Yet the pure form of a loan was the least suitable for maritime trade. In the case in which a maritime venture experienced a catastrophic loss, the repayment of a loan taken out for the purpose of funding this venture had to appear highly questionable. This explains the existence of the Roman foenus nauticum and of the sea loan, which competed with the commenda in the statutes. It also explains why the investment of capital took on the form of a share of the risk in exchange for a share of the profit, the latter of which nascent commerce, in need of capital, supplied willingly. As has been mentioned earlier, this institution corresponded to views prevalent in Mediterranean trade, the oldest area of large trade, where people could not perceive of the investment of capital for the purpose of an expedition overseas in any other terms than as a participation in it—that is, as sharing its risk as well. Changes in these views reflect the fact that risk became more calculable. This development, rather than a subtle attempt to circumvent the prohibition of usury, explains why part of the risk was assumed by capitalists. It also explains why forms of partnerships that economically resembled a loan still appear to have legally been constructed as partnerships with a fixed dividend.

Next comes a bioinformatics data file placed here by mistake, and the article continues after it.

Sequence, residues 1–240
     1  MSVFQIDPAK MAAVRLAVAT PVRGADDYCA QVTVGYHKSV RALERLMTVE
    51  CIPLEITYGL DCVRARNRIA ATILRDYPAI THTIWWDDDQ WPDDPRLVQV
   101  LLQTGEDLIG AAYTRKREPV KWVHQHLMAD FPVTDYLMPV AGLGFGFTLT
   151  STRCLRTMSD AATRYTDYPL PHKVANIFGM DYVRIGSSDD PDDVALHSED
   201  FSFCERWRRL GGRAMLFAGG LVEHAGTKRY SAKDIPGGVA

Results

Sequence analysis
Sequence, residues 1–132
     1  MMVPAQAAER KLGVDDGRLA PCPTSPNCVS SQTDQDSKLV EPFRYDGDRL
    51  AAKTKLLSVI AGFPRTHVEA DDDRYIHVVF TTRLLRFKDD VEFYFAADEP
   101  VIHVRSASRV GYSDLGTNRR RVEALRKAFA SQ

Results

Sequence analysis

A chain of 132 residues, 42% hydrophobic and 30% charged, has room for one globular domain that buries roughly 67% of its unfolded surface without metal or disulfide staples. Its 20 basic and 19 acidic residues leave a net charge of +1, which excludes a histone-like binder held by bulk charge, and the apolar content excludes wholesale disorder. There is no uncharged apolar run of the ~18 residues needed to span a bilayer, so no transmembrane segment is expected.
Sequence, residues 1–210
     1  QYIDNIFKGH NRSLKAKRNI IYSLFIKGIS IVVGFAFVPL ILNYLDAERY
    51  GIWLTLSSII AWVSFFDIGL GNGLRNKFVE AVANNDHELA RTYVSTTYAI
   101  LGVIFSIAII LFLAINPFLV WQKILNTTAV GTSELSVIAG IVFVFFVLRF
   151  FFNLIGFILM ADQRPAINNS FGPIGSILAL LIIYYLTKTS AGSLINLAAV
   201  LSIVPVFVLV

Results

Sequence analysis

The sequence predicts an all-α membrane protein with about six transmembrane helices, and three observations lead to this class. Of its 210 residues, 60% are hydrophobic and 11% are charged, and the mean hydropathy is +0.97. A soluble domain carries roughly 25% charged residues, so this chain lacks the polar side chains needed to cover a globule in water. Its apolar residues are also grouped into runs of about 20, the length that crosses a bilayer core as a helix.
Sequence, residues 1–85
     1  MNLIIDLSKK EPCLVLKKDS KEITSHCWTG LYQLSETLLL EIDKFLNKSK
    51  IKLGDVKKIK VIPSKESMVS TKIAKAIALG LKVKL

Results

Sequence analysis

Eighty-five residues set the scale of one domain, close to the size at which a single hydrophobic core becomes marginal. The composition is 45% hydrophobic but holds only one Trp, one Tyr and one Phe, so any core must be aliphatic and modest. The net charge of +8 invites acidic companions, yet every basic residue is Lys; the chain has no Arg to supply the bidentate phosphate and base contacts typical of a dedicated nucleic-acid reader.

When the doctrine of usury—if one can agree that such existed—appeared on the economic scene, the development of the forms of partnership, as Lastig has strongly argued against Endemann, had long been concluded. The role played by the canonical prohibition was therefore not a small one, in Italy as well as in other places. Almost all statutes addressed it; we need not discuss here the way in which this was done. But one cannot argue that the development of a new institution of law, or merely the further development of an existing institution, happened due to this prohibition. The prohibition led to the end of some institutions such as the dare ad proficuum maris; otherwise, it also served a restrictive, not creative, function. Even the proficuum maris, which corresponds most poorly to the institution of a partnership but seems best suitable as a paradigm of Endemann’s theory, appears to have been fully developed before the doctrine of usury was established, and it later fell victim to this doctrine once it had fully taken hold. Its demise was not due to the way in which risk was distributed but happened because of the certum lucrum. These facts show clearly that the prohibition of usury did not give rise to this form of partnership.

157, l. 3

And the Statuta mercatorum of 1393: